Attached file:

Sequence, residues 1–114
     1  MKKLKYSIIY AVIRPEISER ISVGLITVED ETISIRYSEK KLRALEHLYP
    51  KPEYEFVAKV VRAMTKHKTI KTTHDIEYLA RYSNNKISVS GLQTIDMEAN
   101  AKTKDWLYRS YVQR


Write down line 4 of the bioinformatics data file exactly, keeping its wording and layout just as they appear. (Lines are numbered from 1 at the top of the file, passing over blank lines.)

   101  AKTKDWLYRS YVQR